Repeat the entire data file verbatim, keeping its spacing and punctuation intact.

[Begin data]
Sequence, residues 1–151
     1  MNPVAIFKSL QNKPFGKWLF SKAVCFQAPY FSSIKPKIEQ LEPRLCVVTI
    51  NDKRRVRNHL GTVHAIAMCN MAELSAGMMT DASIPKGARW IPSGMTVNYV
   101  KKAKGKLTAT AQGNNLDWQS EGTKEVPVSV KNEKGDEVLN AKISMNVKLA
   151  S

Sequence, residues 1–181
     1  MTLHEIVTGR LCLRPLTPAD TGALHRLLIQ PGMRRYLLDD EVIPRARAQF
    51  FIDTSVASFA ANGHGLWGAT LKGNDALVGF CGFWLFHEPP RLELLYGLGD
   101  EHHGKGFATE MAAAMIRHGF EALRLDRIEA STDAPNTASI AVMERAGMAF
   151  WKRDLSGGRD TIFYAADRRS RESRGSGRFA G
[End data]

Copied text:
Sequence, residues 1–151
     1  MNPVAIFKSL QNKPFGKWLF SKAVCFQAPY FSSIKPKIEQ LEPRLCVVTI
    51  NDKRRVRNHL GTVHAIAMCN MAELSAGMMT DASIPKGARW IPSGMTVNYV
   101  KKAKGKLTAT AQGNNLDWQS EGTKEVPVSV KNEKGDEVLN AKISMNVKLA
   151  S

Sequence, residues 1–181
     1  MTLHEIVTGR LCLRPLTPAD TGALHRLLIQ PGMRRYLLDD EVIPRARAQF
    51  FIDTSVASFA ANGHGLWGAT LKGNDALVGF CGFWLFHEPP RLELLYGLGD
   101  EHHGKGFATE MAAAMIRHGF EALRLDRIEA STDAPNTASI AVMERAGMAF
   151  WKRDLSGGRD TIFYAADRRS RESRGSGRFA G